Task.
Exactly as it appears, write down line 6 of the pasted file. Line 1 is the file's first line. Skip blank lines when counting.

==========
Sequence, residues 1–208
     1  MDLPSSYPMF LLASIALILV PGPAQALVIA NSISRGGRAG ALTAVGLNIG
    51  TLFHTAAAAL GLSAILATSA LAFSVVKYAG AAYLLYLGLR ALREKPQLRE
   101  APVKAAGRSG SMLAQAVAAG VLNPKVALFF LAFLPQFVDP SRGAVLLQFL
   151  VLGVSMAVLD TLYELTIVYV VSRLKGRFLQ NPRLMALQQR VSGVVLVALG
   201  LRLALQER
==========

   201  LRLALQER